EEOC Implements New Procedures for Discrimination Charges
The U.S. Equal Employment Opportunity Commission (the “EEOC”) is responsible for enforcing federal laws that make it illegal to discriminate against a job applicant or employee because of the person’s race, color, religion, sex (including pregnancy, gender identity, and sexual orientation), national origin, age (40 or older), disability, or genetic information.[i] It is also illegal to discriminate against a person because the person complained about discrimination, filed a charge of discrimination, or participated in an employment discrimination investigation or lawsuit.
Most employers with at least 15 employees are covered by EEOC laws (20 employees in age discrimination cases). Most labor unions and employment agencies are also covered. These laws apply to all types of work situations, including hiring, firing, promotions, harassment, training, wages, and benefits. The EEOC has the authority to investigate charges of discrimination against employers who are covered by the law.
Faced with an EEOC investigation, the burden on a contractor employer can be daunting. The EEOC has the full power of the federal government behind it, and moves slowly and deliberately, which can cause frustration and expense to the employer.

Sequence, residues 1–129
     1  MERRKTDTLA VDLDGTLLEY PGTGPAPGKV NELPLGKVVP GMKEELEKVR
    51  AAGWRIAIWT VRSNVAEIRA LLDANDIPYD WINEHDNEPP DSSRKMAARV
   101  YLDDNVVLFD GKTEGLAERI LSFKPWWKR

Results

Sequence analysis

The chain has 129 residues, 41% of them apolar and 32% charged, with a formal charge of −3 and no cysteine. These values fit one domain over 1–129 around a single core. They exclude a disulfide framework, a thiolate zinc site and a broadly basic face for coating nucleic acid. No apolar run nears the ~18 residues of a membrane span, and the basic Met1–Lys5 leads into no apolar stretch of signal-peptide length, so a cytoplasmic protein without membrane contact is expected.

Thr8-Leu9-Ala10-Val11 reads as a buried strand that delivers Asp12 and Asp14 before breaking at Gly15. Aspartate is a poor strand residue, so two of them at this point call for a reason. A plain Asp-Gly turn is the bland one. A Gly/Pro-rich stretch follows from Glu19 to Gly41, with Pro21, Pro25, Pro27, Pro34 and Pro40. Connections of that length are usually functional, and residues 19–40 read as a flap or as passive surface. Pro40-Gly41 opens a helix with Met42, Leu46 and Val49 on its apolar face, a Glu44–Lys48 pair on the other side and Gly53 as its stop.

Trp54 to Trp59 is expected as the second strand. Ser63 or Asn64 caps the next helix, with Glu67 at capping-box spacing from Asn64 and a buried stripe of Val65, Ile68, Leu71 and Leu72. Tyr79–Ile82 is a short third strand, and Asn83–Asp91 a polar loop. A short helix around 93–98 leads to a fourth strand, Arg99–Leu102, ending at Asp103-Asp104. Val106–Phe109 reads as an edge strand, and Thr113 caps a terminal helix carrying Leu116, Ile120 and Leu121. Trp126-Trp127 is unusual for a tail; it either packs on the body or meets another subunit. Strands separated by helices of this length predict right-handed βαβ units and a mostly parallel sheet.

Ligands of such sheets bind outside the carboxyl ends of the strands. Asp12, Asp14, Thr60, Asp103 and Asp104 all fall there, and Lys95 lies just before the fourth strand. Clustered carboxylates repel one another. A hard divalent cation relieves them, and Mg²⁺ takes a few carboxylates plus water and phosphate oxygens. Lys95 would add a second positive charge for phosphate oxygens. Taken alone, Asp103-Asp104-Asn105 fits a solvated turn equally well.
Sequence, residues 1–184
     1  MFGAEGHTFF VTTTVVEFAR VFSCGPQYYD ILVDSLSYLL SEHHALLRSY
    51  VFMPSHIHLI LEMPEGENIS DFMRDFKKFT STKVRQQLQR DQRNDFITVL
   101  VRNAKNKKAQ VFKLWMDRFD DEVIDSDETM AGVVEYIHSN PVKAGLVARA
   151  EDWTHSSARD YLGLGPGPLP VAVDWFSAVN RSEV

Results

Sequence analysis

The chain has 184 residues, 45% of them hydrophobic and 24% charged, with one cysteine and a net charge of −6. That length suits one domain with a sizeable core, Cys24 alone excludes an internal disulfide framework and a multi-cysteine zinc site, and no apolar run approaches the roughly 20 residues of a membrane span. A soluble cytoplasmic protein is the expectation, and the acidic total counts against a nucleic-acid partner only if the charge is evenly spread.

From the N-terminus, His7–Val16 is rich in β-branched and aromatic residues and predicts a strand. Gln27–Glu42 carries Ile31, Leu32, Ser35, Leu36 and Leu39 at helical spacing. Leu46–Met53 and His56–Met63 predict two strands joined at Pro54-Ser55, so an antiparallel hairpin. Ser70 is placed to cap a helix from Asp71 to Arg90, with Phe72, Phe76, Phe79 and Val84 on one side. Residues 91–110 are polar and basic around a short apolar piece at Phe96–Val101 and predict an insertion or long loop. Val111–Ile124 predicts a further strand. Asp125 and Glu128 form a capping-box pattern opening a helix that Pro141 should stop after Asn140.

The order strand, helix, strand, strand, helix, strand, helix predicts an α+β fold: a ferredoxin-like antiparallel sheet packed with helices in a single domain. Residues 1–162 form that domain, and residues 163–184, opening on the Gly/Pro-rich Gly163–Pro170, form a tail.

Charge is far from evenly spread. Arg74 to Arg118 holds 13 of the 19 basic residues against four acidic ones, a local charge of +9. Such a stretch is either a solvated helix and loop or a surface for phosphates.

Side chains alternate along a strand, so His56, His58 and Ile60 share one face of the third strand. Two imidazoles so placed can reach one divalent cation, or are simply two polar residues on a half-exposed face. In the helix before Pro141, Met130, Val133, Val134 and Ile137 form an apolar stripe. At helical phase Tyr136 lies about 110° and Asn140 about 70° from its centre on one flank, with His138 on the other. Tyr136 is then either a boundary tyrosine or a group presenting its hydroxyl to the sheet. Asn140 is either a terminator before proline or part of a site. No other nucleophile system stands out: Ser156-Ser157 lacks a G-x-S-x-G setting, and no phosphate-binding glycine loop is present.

Recently, the EEOC has implemented new nationwide procedures that provide for release of employer position statements and non-confidential attachments to a charging employee (person making the complaint), or his or her representative, upon request during the investigation of the charge of discrimination.
During an investigation of a charge by the EEOC, the EEOC may request that the employer submit a position statement that documents the employer’s position. The EEOC’s resource guide for employers, the Effective Position Statements, advises employers to focus their position statements on facts relevant to the charge of discrimination, and to identify the specific documents and evidence supporting the employer’s position. An employer generally has 30 days to gather the information requested and to submit its position statement and attachments to the EEOC. The EEOC may then redact confidential information as necessary prior to releasing the information to the charging employee or the employee’s representative.
The EEOC will provide the employer’s position statement and the non-confidential attachments to the charging employee upon request and provide him/her with an opportunity to respond within 20 days. The employee’s response will not be provided to the employer during the investigation. The EEOC reports that its new procedures are intended to provide for a consistent approach to be followed in all EEOC offices. For more information, read Questions and Answers for Charging Parties and Questions and Answers for Respondents.
Comment: When faced with an EEOC investigation, it is generally advisable to conduct an immediate investigation, preferably by an outside third party. A prompt investigation will ensure that recollections are memorialized and documents are marshalled while events are fresh. It is also advisable to engage the services of legal counsel familiar with this area of the law who have been through the process and know the procedures.[i] This post comes to us by way of the American Subcontractors Association, The Contractor’s Compass, June 2016.